Teacher tells me how low dd's confidence is but nothing has been done-just got worse. Everytime I ask her how dd is doing,she says she is in the top group,I told her to move her down the group because she is too unhappy and knows she is the weakest there. She is too young to be struggling with herself.

Her Year 2 teacher has a reputation I am scared of,especially with DD's confidence,etc, but I will see how she gets on with her. I have got forms from another school close to the present one, so if there is no progress and I am offered a place, I will move her. I do not know if I have chosen right. I only know one mum in this other school and she says it is 'great'. A school is great if one's kids haven't had any unresolved issues in it.

Thank you for replies.

daisysue2 Sun 24-Jul-11 05:50:45

My dd is in one of the top ofstead schools and believe me it means nothing, most of the children are miserable and unhappy as the school is purely focused on ofstead and sats. They do nothing to make their children happy and see any complaint as an affront to their reputation ie we are a top performing school what do you as parents know. They aren't prepared to listen. Also remember that you dd may have these issues in any school but she may need a school that is far more nurturing to help her through them.

MigratingCoconuts Sun 24-Jul-11 07:50:36

do go and visit the great school with DD at the earliest opportunity to see how she feels about it too. OFSTED means swat all next to your gut feeling, local feedback and how DD reacts to the vibe there.

Good luck!

sarahfreck Mon 25-Jul-11 14:07:31

Can you talk to your health visitor or school nurse? They may be able to arrange for your dd to see someone regarding her anxiety and lack of confidence. This could then be put in place independently of whichever school you decide is best for her.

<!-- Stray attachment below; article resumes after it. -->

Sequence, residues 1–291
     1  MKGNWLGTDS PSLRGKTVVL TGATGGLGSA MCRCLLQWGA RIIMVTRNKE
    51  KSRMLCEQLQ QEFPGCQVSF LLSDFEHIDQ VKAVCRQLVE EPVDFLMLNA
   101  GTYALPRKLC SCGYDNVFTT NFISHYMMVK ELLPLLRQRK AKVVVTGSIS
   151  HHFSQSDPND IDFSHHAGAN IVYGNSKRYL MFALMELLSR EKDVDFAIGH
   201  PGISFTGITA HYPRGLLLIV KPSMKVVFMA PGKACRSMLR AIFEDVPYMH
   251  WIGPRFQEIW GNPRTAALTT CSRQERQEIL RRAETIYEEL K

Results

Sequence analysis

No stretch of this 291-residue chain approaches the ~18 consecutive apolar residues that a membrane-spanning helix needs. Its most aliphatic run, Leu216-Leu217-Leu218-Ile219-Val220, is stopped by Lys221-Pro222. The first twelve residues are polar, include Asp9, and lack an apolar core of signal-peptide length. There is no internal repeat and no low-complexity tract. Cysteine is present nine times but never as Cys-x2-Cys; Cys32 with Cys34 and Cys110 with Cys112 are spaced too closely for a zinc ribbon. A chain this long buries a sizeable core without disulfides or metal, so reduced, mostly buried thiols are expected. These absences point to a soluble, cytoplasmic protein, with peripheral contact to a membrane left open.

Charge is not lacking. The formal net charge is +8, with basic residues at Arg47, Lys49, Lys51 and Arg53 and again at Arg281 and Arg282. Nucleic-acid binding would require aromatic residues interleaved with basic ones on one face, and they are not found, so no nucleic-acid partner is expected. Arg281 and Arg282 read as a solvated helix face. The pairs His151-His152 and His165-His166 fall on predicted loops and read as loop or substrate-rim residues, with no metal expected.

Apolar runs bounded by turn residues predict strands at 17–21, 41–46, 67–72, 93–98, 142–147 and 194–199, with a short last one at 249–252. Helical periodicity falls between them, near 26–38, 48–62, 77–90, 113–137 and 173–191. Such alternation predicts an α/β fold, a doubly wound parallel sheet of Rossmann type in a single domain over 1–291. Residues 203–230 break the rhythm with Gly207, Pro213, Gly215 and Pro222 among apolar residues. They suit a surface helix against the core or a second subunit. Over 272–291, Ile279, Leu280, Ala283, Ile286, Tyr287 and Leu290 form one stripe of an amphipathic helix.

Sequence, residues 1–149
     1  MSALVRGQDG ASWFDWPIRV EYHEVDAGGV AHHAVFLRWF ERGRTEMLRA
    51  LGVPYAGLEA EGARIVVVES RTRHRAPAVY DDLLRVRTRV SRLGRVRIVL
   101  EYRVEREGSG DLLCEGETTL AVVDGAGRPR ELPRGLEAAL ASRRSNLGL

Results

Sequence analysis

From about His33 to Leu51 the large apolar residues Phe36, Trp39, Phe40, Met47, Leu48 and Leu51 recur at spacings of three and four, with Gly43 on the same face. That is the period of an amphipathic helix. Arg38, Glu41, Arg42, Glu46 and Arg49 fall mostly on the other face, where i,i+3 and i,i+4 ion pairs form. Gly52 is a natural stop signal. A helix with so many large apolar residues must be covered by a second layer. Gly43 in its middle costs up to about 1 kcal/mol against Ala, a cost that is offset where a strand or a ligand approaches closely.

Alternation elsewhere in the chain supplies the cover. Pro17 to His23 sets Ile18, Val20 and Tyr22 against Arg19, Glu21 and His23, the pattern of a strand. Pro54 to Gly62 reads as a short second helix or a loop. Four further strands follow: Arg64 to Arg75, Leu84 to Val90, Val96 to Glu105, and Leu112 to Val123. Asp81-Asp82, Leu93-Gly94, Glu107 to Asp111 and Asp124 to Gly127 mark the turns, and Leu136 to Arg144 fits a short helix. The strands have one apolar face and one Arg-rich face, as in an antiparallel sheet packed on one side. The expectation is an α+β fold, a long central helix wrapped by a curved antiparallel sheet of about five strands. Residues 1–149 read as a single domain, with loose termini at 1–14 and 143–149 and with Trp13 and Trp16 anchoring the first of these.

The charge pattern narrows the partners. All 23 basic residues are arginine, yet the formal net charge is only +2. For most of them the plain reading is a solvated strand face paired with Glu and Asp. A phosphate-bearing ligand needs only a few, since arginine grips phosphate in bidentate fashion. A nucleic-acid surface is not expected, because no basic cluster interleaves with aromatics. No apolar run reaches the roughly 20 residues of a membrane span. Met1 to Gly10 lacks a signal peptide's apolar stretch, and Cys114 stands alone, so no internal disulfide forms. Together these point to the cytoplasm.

Sammiez Mon 25-Jul-11 19:01:32

Thank you everyone! I have contacted the other school and spoken to people who say though it isn't a very academic school, it is very much a community school very involved in nurturing the children.

Next term,I will visit with dd, talk to health visitor and even current head teacher.

Thank you!

Sammiez Tue 06-Sep-11 22:31:24

I started a this thread and didn't feel as alone in my decision to move my daughter. I went from wanting a tutor to extra curricular activities just to have my bubbly dd back. I still wonder till date if her personality will ever be restored totally. I hate myself for not seeing it sooner,but grateful at least that the scales fell off my eyes. Just soooo sad and afraid.

I applied to a different school in the area which happens to be a Catholic school and now we have got a call that there might be space for DD and I am panicking big time. What if it is the same story of being ignored and DD made to feel hopeless? I know these feelings come with big decisions but just cannot shake them off

Sammiez Tue 06-Sep-11 23:07:43


mummytime Wed 07-Sep-11 10:30:48

Have you visited the school? Have you talked to them about your fears?
Personally my kids have thrived with a teacher with a "scary reputation" she really brought the best out of them.
I also have a bright child, who undervalues herself, and rips up work if it doesn't reach her high standards. However her school have been great and she is improving.
You just have to do what you think is right, and don't go on other judgements.

sarahfreck Wed 07-Sep-11 10:40:39

I'd go and visit the new school ( without dd at first) and just be really honest about your daughters issues and anxieties. Explain you are looking for a really nurturing school with really good pastoral care. You aren't committing to anything by just going for a visit.
I think you will get quite a good feel from their replies plus the general atmosphere you sense when you look round.
i still think it might be worth contacting our health visitor or school nurse about your daughters difficulties to see if they can help.

IndigoBell Wed 07-Sep-11 11:10:05

It's a risk to change school of course it is.

But it's also a risk to stay where you are.

What you have to decide if whether it's more likely she'll ignored and be made to feel hopeless at a new school, or at her old school.

I think the new school will be better, partly because you'll discuss her issues before she even starts there, and partly because it's very likely it's a better school.

Schools are very different. Some really are an awful lot better than others.

But yes it is a risk. But I think you should go for it.

Sammiez Thu 08-Sep-11 17:00:46

Thank you for replies.

We went to see school today and I think they are more a nurturing school than the one my dd is attending at the moment. I am still scared and so is dd but I am not looking back. I have totally lost faith in current school so we cannot go on there.

She starts next week and we hope all turns out well...